Out of State Wineries Challenge California Wine Distribution Law

Out of State Wineries Challenge California Wine Distribution Law

By: Jaime E. Colon-Velez, Esq

A recent lawsuit labeled, Dwinell v. McCullough, filed November 28, 2023 in the U.S. District Court for the Central District of California by two out-of-state wineries seeks to challenge an allegedly discriminatory and protectionist California restriction against out-of-state wineries selling directly to California retailers and restaurants. Under the current law, California is one of many states that allows out-of-state wineries to ship directly to individual consumers. However, said law also currently requires out-of-state wineries to go through a wholesaler, adding approximately 30 percent to the overhead cost of making those out-of-state wines according to the Complaint, thus making them less competitive price wise compared to native California wines.

The plaintiffs, Buckel Family Wine, LLC out of Gunnison, Colorado and Dwinell LLC, d/b/a Dwinell Country Wines out of Goldendale, Washington, claim that the California law violates the U.S. Constitution’s Dormant Commerce Clause which prohibits states from discriminating against out of state participants in interstate commerce. While the 21st amendment grants the states control of alcohol sales, the U.S. Supreme Court has repeatedly held that restrictions on alcohol sales must be for either the purpose of maintaining orderly markets or to promote temperance, not merely for the benefit of helping local businesses.  In their Complaint, Buckel and Dwinell argue that the California law is unnecessary, and its primary purpose is solely to protect in-state business interests. If removed, wineries would have better control over their prices and delivery logistics without having to be beholden to a wholesaler, a wholesaler that many smaller wineries are unable to acquire in the first place.

These types of laws have been litigated in other states previously, most notably in the seminal Granholm v. Heald case in 2005, which was decided by the US Supreme Court. That case ruled that laws in New York and Michigan which prohibited out-of-state wineries from shipping wine directly to consumers but allowed it for in-state wineries were unconstitutional. This decision led to the attempted passing of the Community Alcohol Regulatory Effectiveness Act of 2011 which would allow states to regulate alcohol products from out-of-state differently than those within the state. However, the act never made it out of subcommittees. More recently, however, the State of Oregon faced a similar lawsuit, Roberts v. Gripton, wherein out-of-state breweries were denied the right to self-distribute alcohol within Oregon. After only eight months of litigation, the State of Oregon settled the case, granting out-of-state breweries the right to self-distribute which was integrated into Oregon law via Oregon House Bill 2013 in October 2023.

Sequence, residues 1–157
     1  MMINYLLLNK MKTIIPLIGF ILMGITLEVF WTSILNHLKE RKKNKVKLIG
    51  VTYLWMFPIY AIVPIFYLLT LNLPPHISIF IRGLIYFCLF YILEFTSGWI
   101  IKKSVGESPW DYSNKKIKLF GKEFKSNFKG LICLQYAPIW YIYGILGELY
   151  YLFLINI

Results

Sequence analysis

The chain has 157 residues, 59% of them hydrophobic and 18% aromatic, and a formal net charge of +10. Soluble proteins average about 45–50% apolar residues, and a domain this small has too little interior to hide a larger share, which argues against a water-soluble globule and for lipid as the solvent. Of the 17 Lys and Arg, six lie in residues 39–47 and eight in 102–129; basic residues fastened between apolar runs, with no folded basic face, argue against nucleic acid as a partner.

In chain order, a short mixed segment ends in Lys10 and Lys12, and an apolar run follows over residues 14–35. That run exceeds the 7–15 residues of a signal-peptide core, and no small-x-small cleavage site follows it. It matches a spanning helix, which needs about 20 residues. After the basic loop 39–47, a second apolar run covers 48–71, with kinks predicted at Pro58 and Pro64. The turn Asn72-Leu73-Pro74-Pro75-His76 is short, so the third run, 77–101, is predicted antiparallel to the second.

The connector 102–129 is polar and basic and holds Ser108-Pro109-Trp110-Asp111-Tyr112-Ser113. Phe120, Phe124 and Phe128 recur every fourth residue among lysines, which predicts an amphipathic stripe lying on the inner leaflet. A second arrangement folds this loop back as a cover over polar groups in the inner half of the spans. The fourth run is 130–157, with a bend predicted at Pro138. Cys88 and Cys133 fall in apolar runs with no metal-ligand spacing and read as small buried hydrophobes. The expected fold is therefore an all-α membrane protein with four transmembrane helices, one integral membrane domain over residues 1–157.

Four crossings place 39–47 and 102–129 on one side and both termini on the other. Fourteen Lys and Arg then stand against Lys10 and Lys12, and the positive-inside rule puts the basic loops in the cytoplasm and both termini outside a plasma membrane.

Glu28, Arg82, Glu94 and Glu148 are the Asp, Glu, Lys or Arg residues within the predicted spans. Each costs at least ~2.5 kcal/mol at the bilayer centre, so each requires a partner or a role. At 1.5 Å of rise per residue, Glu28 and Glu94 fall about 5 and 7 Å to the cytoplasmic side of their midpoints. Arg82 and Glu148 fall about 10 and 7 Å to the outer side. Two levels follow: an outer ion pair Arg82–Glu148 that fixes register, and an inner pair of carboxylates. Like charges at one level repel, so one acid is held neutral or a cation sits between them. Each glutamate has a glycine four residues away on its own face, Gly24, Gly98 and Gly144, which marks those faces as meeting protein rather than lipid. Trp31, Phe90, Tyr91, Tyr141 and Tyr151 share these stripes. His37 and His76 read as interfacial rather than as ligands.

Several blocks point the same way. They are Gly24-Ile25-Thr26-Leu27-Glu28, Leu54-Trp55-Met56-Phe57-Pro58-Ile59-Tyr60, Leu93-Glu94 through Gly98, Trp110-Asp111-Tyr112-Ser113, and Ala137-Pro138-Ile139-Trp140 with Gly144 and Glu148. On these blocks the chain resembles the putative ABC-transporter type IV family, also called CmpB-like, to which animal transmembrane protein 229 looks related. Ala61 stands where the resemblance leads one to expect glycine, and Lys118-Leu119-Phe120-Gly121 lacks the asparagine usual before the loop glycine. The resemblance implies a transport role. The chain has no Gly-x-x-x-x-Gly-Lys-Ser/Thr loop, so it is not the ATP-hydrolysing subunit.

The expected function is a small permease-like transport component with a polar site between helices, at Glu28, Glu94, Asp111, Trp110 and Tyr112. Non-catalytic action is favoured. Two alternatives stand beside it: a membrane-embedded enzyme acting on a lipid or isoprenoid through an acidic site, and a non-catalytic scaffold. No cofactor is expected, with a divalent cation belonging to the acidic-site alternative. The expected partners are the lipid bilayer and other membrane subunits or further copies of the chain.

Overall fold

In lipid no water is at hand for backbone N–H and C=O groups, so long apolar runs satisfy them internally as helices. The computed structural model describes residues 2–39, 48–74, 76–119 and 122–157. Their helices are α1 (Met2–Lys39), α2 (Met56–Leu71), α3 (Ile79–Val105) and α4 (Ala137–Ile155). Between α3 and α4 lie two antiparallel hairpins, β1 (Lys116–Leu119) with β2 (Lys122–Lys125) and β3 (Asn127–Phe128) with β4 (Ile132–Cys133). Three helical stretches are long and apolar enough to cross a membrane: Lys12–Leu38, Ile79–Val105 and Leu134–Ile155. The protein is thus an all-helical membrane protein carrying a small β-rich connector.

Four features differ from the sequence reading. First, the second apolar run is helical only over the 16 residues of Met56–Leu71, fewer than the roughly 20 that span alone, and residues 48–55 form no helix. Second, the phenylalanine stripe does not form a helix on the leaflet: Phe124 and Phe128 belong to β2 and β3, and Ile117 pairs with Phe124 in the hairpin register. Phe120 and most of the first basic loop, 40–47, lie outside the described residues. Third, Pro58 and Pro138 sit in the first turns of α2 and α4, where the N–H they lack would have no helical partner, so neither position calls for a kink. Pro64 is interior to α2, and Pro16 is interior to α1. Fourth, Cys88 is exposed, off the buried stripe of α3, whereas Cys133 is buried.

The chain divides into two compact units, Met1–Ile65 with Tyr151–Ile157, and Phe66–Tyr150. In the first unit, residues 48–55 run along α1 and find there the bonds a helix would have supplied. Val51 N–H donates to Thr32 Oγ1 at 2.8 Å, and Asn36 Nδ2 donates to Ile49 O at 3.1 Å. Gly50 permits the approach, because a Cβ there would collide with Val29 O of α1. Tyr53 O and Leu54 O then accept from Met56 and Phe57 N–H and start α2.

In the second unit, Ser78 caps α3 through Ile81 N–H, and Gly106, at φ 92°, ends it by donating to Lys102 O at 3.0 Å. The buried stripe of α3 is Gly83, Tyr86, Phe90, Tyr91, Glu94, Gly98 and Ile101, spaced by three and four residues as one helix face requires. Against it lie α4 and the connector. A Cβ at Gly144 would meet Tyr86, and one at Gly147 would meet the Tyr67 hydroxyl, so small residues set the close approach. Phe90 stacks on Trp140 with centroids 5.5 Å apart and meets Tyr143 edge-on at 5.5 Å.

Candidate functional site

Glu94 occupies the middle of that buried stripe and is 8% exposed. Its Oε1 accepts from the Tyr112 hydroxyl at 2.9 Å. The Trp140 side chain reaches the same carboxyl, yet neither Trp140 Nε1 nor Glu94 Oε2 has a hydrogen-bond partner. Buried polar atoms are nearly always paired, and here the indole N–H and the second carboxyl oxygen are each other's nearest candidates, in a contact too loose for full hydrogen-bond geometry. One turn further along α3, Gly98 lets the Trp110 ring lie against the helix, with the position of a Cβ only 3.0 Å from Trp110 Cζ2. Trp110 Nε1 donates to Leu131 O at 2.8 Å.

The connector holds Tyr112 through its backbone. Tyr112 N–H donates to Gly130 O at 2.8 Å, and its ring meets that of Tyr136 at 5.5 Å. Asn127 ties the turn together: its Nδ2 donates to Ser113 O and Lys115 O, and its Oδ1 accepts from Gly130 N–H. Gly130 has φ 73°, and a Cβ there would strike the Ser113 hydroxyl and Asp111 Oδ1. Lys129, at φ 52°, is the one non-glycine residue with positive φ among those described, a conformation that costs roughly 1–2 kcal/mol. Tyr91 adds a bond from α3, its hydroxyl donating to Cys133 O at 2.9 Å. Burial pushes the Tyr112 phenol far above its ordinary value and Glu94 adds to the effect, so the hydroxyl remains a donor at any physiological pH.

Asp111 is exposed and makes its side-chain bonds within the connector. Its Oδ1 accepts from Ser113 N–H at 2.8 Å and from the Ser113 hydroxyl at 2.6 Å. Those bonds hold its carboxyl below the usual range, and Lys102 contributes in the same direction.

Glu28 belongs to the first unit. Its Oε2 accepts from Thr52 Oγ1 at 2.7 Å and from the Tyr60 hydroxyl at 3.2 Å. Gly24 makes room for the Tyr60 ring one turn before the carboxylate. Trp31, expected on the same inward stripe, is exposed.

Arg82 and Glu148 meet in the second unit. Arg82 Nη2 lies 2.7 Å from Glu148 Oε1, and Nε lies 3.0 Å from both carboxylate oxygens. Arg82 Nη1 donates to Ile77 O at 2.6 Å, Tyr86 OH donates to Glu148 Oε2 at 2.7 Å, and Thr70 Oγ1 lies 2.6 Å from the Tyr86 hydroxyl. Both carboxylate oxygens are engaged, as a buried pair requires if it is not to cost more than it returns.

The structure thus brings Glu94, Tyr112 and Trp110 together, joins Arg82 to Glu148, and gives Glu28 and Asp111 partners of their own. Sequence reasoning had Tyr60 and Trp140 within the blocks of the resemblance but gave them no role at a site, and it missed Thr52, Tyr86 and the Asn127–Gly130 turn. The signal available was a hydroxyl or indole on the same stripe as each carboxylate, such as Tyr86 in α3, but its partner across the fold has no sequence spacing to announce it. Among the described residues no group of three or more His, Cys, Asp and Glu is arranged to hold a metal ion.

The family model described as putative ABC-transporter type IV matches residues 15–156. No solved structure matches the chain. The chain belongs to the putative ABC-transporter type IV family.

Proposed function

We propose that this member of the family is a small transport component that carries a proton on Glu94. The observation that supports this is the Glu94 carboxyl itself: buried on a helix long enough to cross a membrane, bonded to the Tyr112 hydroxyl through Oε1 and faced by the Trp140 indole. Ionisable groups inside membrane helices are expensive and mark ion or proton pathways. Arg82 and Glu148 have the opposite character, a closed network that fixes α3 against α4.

In their Complaint, Buckel and Dwinell argue that the ban directly impacts consumers by affecting the overhead costs to out-of-state wineries and thus forcing them to pass these costs on to consumers. The removal of this law would result in lower costs for consumers and more freedom of choice at wine retailers throughout the state. Removing these restrictions is also critical to wine retailers who are thus able to better diversify their offerings with more out-of-state wines and thus remain competitive in the wine retail marketplace. By working directly with out-of-state wineries, retailers can obtain products at a lower price and thus pass these savings directly onto consumers.

Many organizations have come out in support of the lawsuit, including The National Association of Wine Retailers (“NAWR”). NAWR Executive Director Tom Wark told Wine Spectator Magazine that, “[t]he discriminatory ban on out-of-state wineries selling directly to California retailers without going through the state’s middlemen wholesalers should have been eliminated the day after the Granholm v. Heald Supreme Court decision 18 years ago… This lawsuit will help the state’s retailers, it will open new distribution avenues for out-of-state wineries and it will give California consumers more choices.” In a separate statement released by NAWR Wark stated, “State laws only serving protectionist and discriminatory purposes deserve to be struck down as a matter of law and marketplace fairness… The required use of a wholesaler by out-of-state wineries but not in-state wineries is a relic of the 1930’s post-Prohibition world, stifles economic development, hampers the ability of retailers to access worthy products from out of state, denies consumers access to legal products, and unjustifiably props up the financial and political interests of California middlemen wholesalers.”

Many local winemakers such as Adam Lee, proprietor of California’s Clarice Wine Co., have also expressed support for the bill, believing that the playing field should be level for local or out-of-state wineries. “If we’re going to allow California wineries to sell directly to retailers, then we should let out-of-state wineries do the same thing,” he said to Wine Spectator Magazine.

While this case is obviously very early in litigation, a favorable outcome for plaintiffs in line with Granholm and Roberts does seem likely in this case and it may be in the best interest of the State to settle the suit, save their citizens unnecessary litigation costs and simply draft new legislation to cover this issue as Oregon did in Roberts.

Whether you are an out-of-state winery looking to expand into California or one of the many amazing local wineries in need to legal representation, Quinn Covarrubias can assist.

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